It was by no means written in the stars that Christelle Rinville, born in Longwy to a steelworker father and stay-at-home mother, would one day become Taittinger’s vineyard director – a position she has filled since 1 May 2020. Even her countryside upbringing wasn’t necessarily a precursor to her entering the world of agriculture; that of winemaking even less so. This former Lorraine inhabitant, however, says she has always harboured a keen interest in nature in its broadest sense. This is exactly what led her on the path to the University of Nancy, followed by a postgraduate degree in plant technology at the Ecole nationale d’horticulture d’Angers, one of France’s leading institutions for horticulture.
So while this trajectory does not suffice in explaining how she arrived here, there is no denying that it plays a significant role. The rest has been down to circumstances…. and passion.
After completing my studies, I found a job as part of a collaboration between the Ministry of Agriculture (Regional Service for the Protection of Plants at the time) and the Champagne Committee (CIVC). This involved demonstrating that sustainable viticulture had a rightful place in the Champagne region. It was back in 1991, and two years later the Magister economic interest group was founded. This is now presided over by Simon Blin, who I work with in the capacity of vice-president. I then joined the Champagne Committee’s technical department, where I worked in Dominique Moncomble’s team for 10 years. In 2000 I joined Laurent-Perrier under Bernard de Nonancourt’s chairmanship and Alain Terrier’s management. I was their vineyard director (overseeing a vineyard of around 100 hectares) until 2015, when I started working for Taittinger. I have experienced a real family feel at the company, giving me the opportunity to be 100% involved in its operations. Over the course of five years, Vincent Collard taught me everything he knew about the vineyard. The Taittinger vineyard has been his labour of love and it was for his father before him: something that is both important and invaluable for our House. You can’t “get to know” all 288 hectares overnight: it’s a gradual process that involves acquiring knowledge every day, almost every minute.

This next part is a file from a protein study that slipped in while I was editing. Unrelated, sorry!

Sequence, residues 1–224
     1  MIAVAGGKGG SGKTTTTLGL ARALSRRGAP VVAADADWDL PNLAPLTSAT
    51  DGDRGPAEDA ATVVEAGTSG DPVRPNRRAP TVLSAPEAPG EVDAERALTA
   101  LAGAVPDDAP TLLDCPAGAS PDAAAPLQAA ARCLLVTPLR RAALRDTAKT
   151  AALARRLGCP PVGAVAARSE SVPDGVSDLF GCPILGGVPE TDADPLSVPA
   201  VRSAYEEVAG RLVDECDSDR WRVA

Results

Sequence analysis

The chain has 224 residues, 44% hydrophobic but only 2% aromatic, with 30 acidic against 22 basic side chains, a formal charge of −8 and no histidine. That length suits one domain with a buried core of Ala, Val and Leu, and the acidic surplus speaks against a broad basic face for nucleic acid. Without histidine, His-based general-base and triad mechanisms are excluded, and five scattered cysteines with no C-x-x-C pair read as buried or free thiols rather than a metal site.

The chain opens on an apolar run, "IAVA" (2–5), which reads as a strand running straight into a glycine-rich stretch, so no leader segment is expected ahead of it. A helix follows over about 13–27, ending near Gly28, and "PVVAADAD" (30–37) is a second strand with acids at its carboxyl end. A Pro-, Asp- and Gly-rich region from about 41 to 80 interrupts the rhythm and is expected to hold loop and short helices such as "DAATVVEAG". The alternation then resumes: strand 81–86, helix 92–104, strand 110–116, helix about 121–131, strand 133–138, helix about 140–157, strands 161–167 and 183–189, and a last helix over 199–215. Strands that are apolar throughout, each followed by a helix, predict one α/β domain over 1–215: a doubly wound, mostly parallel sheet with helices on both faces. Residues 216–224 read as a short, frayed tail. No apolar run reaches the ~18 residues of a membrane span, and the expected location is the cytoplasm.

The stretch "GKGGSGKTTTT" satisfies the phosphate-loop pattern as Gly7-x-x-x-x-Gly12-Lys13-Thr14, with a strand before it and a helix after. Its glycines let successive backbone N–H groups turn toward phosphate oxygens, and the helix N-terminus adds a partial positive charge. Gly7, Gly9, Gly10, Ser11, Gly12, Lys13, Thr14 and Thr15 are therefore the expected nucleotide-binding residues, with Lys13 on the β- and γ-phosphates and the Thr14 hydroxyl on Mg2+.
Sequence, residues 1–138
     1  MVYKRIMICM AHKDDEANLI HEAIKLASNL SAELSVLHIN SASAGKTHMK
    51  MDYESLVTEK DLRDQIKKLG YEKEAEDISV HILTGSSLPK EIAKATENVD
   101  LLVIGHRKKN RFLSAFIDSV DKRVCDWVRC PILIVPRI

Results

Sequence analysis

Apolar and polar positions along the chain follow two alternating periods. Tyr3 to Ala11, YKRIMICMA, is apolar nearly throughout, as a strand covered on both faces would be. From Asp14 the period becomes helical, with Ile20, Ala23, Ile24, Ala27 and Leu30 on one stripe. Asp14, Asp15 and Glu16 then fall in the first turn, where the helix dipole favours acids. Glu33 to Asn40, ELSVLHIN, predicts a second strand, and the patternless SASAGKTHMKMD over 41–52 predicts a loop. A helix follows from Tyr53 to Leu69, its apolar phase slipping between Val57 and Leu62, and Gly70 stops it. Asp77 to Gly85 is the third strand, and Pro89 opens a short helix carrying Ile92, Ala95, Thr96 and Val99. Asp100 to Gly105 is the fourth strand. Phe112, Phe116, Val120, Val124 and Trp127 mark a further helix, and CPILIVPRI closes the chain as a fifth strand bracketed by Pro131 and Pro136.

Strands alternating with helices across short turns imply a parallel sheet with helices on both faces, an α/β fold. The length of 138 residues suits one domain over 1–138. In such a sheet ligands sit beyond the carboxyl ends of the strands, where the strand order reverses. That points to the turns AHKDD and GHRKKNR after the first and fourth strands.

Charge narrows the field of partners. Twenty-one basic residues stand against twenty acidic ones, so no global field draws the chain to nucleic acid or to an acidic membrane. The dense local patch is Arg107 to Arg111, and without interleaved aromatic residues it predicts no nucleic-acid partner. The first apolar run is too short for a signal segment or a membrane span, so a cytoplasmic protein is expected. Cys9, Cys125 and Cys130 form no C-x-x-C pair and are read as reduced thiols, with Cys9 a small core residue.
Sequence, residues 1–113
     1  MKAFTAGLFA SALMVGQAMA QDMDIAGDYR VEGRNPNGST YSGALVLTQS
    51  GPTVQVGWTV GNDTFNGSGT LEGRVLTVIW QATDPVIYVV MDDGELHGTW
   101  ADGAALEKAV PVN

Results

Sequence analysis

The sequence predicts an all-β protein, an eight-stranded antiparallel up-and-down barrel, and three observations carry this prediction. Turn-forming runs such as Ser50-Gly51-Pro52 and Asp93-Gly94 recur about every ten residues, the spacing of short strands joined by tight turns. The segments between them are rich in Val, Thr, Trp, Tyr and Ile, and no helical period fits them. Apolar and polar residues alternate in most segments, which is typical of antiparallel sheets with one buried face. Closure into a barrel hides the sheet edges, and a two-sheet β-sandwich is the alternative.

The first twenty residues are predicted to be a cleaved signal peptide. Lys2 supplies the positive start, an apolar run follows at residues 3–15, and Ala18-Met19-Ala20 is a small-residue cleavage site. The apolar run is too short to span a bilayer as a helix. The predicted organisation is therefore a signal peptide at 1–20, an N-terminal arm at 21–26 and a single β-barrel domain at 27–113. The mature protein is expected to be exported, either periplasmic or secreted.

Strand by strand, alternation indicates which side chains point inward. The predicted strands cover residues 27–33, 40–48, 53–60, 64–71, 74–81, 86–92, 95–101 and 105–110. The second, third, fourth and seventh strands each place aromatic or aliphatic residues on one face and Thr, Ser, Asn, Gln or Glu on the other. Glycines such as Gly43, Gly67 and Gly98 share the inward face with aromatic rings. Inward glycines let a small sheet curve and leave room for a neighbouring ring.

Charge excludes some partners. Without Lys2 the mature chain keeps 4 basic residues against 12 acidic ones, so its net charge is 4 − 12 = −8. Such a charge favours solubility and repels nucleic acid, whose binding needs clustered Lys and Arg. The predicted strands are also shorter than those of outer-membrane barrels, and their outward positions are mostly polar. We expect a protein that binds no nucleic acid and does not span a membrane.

My role involves making sure that everything related to the vines runs smoothly, from the planting to the grubbing up, so to speak; with the harvest representing the main event each year. But another important aspect is overseeing the men and women who work with me in this area, i.e. 70 full-time employees, up to 100 staff including the seasonal workers, and between 700 and 800 people at harvest time.
When I started working in the technical domain and wine consulting, there was just a handful of other women . Today there is an increasing number of women blazing the trail in family-run businesses. Personally, I have always felt at home in the vineyard. I’m not staking any claims, but I must admit that I do feel a sense of pride from occupying this post.
In terms of management, I don’t believe that it’s a matter of being male or female: you should be judged on your competencies, ability to listen and awareness.
Within the House, there are two things I am obsessed about: quality and our teams. We work hard all year round to preserve and improve the vines’ potential, and the role of the harvest is to enhance this work.
The entire vineyard is High Environmental Value certified with a view to being environmentally responsible – rather than being the result of a fad, this is part of a coherent approach initiated a long time ago by Pierre-Emmanuel Taittinger. Furthermore the entire “Taittinger philosophy” is shaped by this respect for the quality of the product, the environment, the brand’s heritage, the consumer, and the teams who play a role in this.
I have an exciting job that demands a great deal of humility towards nature, given that no two years are the same. The ability to constantly adapt is crucial in order to allow the vines to reach their full potential.
While the current impact of global warming is relatively positive as it yields high-quality grapes that enable us to release vintages, what will happen if the temperature increases by another one or two degrees? We will then need to review everything: planting, systems… We might need to change the grape varieties, the choice of rootstock… The Champagne Committee has been grappling with these issues for a long time now.
And then you also need to know how to keep up with the legislation, and that’s not always the easiest to get your head around!
Viticulture is a form of craftsmanship. Biodiversity is a successful balance. Fine grapes produce fine champagnes. The aesthetics are essential. When it’s aesthetically pleasing, you know you’re on the right path. From the vines to the bottle, champagne should be enchanting.